Monday, May 04, 2015

Trends in pre-hospital oxygen administration for chest pain patients

From a recent study:

Objectives. The purpose of this study was to examine trends in oxygen administration following the 2010 American Heart Association guidelines recommendation to withhold oxygen therapy for patients with uncomplicated presentations of ACS whose SpO2 is 94% or higher...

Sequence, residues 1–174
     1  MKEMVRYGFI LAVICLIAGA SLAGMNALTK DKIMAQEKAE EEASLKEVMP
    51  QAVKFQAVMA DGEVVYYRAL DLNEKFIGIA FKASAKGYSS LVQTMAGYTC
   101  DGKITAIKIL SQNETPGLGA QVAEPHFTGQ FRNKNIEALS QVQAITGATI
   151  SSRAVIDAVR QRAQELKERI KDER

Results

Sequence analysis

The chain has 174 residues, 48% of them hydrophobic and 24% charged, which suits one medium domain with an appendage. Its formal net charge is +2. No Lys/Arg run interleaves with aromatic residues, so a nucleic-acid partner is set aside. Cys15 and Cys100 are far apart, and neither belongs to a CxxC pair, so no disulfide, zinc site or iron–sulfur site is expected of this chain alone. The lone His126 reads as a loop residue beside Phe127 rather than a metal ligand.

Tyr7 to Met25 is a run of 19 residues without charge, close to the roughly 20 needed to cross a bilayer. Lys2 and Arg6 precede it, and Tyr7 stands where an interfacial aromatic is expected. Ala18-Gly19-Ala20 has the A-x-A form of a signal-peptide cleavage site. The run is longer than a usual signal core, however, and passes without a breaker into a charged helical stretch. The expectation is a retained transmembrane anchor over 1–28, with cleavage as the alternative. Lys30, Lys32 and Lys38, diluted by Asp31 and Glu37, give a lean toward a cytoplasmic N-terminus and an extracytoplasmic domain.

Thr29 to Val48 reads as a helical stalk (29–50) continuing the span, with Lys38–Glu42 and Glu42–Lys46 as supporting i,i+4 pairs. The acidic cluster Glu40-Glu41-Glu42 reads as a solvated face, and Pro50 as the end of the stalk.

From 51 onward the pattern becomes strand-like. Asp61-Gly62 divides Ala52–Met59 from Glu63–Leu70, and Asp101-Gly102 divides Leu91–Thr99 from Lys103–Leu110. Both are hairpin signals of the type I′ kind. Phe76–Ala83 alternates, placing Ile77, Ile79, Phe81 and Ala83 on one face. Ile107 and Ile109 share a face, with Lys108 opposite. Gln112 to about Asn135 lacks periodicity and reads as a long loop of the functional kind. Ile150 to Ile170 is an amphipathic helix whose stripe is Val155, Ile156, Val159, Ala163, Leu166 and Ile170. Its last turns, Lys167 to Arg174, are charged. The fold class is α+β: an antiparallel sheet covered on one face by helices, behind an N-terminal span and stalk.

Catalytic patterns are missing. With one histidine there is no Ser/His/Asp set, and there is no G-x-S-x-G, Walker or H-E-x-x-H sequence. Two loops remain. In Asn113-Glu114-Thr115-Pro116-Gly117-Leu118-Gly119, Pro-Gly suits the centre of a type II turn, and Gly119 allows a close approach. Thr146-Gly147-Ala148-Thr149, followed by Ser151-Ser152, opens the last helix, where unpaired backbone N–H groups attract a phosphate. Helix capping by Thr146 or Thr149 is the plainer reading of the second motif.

Results. 10,552 patient encounters by 2,447 paramedic students from 195 paramedic programs representing 49 states were included for analysis. Prior to release of the new guidelines (2010), 71.9% (95% CI 69.8–74.0%) of patients with SpO2 greater then or equal to 94% received supplemental O2. Rates of O2 administration were significantly lower in 2011 (64%; 95% CI 62.7–65.3%) and in 2012 (53.1%; 95% CI 51.5–54.7). The odds of a hemodynamically stable chest pain patient with SpO2 greater than or equal to 94% receiving supplemental oxygen in 2011 were 1.4 times lower compared to patients in 2010 (95% CI 1.3–1.6). Similarly, the odds of patients in 2012 receiving supplemental oxygen were 2.3 times lower compared to patients in 2010 (95% CI 2.0–2.6). The odds of receiving supplemental oxygen decreased by 4% for each 1% increase in SpO2 beyond the 94% threshold (OR = 0.96; 95% CI 0.94–0.98). Conclusions. The prehospital administration of supplemental O2 decreased significantly following release of the 2010 updated guidelines; however, our data revealed that 50% of patients not meeting criteria for administration still received supplemental O2.

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